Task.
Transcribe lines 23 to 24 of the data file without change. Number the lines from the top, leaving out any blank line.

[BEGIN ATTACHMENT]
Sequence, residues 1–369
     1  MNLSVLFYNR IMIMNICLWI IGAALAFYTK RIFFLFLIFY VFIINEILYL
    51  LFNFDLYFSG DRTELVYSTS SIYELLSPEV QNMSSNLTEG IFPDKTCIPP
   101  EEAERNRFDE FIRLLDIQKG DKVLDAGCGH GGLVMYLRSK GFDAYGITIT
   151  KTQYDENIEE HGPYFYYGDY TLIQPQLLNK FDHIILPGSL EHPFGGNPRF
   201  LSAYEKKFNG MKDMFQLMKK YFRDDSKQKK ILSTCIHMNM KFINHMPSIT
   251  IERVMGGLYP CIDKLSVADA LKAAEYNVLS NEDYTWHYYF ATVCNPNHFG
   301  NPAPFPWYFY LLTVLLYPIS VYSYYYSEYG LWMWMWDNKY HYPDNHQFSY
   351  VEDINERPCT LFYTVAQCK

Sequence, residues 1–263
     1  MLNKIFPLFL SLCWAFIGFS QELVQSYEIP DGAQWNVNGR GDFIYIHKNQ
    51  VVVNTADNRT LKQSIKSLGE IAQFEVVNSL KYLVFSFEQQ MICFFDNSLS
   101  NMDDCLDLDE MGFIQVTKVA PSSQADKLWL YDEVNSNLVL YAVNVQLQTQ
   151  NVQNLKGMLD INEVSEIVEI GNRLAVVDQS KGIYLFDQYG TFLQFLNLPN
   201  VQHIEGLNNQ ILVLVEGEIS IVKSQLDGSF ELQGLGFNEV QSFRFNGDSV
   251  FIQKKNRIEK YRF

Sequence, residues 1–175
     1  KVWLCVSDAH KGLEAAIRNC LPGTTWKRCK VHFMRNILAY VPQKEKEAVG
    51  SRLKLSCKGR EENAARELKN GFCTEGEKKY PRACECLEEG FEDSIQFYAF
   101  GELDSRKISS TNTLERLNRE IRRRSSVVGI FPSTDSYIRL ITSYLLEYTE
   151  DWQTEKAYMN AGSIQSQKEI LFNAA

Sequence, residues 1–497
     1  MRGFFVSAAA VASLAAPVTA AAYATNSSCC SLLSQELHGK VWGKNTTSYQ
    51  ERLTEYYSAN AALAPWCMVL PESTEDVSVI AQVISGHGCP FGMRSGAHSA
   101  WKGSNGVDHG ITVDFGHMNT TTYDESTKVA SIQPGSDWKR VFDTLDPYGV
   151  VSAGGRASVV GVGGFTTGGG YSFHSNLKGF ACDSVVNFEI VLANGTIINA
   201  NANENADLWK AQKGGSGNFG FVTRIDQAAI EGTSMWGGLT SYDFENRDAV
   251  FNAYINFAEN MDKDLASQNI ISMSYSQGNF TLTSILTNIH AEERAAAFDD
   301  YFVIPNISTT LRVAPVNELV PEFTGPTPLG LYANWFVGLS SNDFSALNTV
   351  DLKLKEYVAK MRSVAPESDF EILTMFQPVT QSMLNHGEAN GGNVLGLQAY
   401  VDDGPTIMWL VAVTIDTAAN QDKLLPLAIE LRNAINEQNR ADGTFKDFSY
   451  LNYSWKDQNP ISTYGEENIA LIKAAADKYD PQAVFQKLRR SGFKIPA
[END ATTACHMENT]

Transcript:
     1  MRGFFVSAAA VASLAAPVTA AAYATNSSCC SLLSQELHGK VWGKNTTSYQ
    51  ERLTEYYSAN AALAPWCMVL PESTEDVSVI AQVISGHGCP FGMRSGAHSA